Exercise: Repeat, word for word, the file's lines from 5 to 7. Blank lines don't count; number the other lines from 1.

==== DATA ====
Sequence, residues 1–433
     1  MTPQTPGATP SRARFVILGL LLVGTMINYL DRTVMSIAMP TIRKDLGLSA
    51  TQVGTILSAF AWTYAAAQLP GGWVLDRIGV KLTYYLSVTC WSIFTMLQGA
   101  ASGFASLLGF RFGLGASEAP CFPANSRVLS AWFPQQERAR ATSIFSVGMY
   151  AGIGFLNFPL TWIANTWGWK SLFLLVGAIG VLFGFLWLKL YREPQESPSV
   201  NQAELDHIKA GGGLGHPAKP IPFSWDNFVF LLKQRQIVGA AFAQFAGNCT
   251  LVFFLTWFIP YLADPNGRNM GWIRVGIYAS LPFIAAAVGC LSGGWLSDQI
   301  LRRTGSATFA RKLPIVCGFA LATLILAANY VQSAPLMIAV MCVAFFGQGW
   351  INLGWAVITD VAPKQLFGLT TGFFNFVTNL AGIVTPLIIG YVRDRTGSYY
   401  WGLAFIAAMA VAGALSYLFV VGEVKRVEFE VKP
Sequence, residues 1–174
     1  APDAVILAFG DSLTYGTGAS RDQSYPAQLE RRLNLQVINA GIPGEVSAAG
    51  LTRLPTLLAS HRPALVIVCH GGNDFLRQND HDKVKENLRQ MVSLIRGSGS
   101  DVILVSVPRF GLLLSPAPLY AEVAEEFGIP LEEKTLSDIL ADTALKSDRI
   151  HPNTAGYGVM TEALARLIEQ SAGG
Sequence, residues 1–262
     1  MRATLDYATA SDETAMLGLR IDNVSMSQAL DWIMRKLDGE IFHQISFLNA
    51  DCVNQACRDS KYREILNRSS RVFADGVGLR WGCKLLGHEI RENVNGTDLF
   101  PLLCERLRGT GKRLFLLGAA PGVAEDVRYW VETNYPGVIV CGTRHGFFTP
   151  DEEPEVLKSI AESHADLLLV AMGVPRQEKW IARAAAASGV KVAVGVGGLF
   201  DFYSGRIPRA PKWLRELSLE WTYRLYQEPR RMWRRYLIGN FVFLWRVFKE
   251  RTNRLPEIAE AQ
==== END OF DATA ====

   151  AGIGFLNFPL TWIANTWGWK SLFLLVGAIG VLFGFLWLKL YREPQESPSV
   201  NQAELDHIKA GGGLGHPAKP IPFSWDNFVF LLKQRQIVGA AFAQFAGNCT
   251  LVFFLTWFIP YLADPNGRNM GWIRVGIYAS LPFIAAAVGC LSGGWLSDQI